Most business models cover the bases nicely: how the company will serve customers better than rivals. But they don’t really explain why the company matters. Why should anyone care that your company exists? Why should they walk past your rivals in order to reach you? What’s your real differentiation in the eyes of target customers? Without good answers, you aren’t likely to stand out in the marketplace for long. Once the shine wears off, or rivals match your pricing, you’ll lose both customers and employees. That’s bad both for your long-term competitive position and for society. Adding a larger meaning beyond the dollars makes sense for every constituent — investors, employees and the community. A successful business model connects with customers, employees, and investors, and builds a compelling vision for the long term. And the only way to do that is with empathy and imagination to gain a deep understanding of the needs of your target customer. In this article, author Ron Shaich, founder and former chairman & CEO of Panera Bread, shares how his team transformed a low-margin French bakery into a profitable French bakery café by listening to customers and pinpointing the meaning behind the business model.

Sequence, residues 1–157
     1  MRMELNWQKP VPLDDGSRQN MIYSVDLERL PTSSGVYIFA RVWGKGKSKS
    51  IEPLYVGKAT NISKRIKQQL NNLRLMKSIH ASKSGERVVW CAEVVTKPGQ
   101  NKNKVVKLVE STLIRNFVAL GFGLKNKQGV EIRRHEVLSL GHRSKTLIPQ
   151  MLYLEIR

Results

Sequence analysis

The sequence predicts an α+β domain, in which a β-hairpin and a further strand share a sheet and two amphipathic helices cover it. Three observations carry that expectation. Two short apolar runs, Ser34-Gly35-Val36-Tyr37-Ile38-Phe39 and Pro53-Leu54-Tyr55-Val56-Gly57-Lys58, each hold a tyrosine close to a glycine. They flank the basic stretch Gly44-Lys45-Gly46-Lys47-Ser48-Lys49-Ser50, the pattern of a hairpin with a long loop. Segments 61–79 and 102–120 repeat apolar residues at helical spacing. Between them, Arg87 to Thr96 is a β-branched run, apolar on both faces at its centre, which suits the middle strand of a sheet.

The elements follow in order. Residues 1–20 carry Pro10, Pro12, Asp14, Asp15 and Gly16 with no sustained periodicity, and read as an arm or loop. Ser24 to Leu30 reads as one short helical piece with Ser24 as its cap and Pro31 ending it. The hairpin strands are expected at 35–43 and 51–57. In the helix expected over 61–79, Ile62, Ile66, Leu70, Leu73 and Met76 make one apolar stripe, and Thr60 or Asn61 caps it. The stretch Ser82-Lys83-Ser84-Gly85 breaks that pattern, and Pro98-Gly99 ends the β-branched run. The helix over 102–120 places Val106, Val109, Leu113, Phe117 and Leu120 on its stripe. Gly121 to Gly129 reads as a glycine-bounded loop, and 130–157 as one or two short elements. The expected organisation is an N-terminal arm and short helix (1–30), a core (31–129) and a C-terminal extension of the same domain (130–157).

We’ve been looking at business models all wrong. Yes, they’re about making your company stand out from the competition and deliver value to customers — getting their jobs done. And leaders need the foundation of a solid business model to make crucial decisions when setting up and structuring their operations.News